Thomas Fleming has an ongoing series of important posts up at Chronicles on the abortion debate. So far there are:
Often, the comments after the posts are as insightful as the posts themselves. Here is a snippet from his first column:
There is really no good Scriptural text on abortion, and the common pro-life bumper sticker “Before I formed you in the womb I knew you” assumes a knowledge of embryology on Jeremiah’s part (and an intention) that is quite out of the question. The various fundamentalist/evangelical attempts to find a secure Scriptural basis for outlawing abortion are as futile as most of their theology. Exodus 21, the most frequently cited text, merely states the penalty for causing the death of the fetus, though it is quite true that rabbinical commentators used this to support their condemnation of abortion.
Despite rabbinical prohibitions, there is no reason to believe that Jews did not behave more or less like other Mediterranean peoples. This has no bearing on the undoubted fact that Christians were early on distinguished for their rejection of infanticide and abortion.
There is no need for Scriptural authority in this case. Man is made in the image of the God who sent his Son in human form to take upon Himself the sins of the world, to die for us, and in rising from the dead to give us the promise of life everlasting. The Christian vision, then, could give no support to infanticide or abortion, except in the difficult case where a mother’s life is at stake. (I do not intend to take any position on this since it is of almost no significance today. We shall stick to the main road.)
Like other ancient texts, the Old Testament says nothing nothing about the rights of children and very little about parental duties: What matters most is the child’s duty to the parent and not the reverse. Nonetheless, the OT texts, like the literatures of the Greeks and Romans, gives a very positive portrayal, generally, of parents. There is no need, I think, to speak of Abraham and Isaac, or Jacob and Joseph, when we have the portrait of Mary and Joseph’s very tender regard for Jesus. Mary’s outburst, on finding her son teaching in the temple, is almost amusing, it is so like what any normal mother would say when realizing that her son is safe–and not through any effort of his own! I can hear my own mother’s “Where have you been? Do you realize your father and and I have been waiting up all night long…?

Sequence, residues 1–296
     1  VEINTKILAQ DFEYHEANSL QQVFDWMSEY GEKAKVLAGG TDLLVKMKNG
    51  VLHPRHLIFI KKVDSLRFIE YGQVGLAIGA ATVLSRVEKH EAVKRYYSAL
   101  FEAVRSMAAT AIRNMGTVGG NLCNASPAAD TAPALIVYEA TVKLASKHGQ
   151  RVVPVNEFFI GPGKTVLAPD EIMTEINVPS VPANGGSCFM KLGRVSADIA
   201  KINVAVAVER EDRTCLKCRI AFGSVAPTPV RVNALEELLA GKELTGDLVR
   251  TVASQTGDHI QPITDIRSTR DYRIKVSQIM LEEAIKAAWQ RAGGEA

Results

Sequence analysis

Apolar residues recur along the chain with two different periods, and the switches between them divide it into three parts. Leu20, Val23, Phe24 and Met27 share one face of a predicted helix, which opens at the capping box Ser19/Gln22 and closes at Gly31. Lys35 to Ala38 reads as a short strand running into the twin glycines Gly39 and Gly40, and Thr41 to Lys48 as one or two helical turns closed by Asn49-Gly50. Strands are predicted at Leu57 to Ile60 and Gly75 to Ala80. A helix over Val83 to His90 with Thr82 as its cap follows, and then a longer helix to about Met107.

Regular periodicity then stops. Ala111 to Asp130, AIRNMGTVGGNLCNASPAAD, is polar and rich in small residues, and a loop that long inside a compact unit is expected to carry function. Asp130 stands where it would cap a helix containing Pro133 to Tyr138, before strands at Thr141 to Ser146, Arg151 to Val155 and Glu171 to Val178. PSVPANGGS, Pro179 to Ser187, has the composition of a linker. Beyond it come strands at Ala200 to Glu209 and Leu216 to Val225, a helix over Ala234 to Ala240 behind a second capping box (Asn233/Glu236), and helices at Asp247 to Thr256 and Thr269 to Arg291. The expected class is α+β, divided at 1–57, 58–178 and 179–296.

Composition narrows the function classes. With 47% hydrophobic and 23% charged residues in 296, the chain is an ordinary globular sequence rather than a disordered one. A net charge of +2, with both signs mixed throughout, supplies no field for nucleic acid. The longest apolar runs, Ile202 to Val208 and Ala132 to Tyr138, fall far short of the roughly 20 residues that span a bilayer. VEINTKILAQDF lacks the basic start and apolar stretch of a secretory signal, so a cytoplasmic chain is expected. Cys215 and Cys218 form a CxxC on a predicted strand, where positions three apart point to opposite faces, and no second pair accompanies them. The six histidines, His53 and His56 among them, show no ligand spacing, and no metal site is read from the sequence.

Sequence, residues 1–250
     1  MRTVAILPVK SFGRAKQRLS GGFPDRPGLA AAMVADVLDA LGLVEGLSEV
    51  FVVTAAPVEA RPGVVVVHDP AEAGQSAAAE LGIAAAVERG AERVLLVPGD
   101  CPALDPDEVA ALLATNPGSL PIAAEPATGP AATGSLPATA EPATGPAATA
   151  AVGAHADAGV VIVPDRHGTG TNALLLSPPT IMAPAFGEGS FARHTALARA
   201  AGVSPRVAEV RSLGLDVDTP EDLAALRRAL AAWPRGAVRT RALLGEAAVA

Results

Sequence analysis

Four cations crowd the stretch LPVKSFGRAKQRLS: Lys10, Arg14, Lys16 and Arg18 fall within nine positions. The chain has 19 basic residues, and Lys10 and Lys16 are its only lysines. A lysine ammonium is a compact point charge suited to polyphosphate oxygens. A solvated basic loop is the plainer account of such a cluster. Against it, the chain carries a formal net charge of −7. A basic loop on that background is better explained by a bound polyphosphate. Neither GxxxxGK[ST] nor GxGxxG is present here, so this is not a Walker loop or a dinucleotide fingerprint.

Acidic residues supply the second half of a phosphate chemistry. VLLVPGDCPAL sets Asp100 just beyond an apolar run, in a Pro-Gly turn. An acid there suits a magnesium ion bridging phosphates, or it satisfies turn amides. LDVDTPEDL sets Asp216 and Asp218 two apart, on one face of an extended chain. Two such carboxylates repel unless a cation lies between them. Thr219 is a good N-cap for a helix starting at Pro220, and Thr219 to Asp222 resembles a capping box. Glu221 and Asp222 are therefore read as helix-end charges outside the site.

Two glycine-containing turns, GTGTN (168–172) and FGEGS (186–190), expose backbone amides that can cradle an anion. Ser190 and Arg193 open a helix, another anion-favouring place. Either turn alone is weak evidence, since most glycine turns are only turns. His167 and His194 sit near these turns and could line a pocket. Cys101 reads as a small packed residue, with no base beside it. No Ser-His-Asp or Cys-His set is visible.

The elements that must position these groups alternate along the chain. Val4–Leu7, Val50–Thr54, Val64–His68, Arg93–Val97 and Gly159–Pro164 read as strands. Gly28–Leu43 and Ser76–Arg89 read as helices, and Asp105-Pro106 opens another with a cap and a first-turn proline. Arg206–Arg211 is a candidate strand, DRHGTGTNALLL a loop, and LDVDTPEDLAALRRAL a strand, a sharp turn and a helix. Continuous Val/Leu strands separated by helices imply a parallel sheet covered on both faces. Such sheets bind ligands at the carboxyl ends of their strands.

In the Christian tradition, then, there is no talk of a child’s universal human life to be guaranteed by a government or legal system, only the parents’ duty to love and care for their children. This is not a universal or convertible obligation: I have to take care of my children but not your children much less everybody’s children. Of course, a Christian society will want to enforce up to a point Christian moral law and might even institutionalize some forms of charity, but in an anti-Christian society it is incumbent upon us to return to a more traditional Christian way of thinking about matters such as abortion, divorce, and charity, lest we find ourselves sacrificing the moral authority of family’s to the power of an anti-Christian state that makes war upon the family.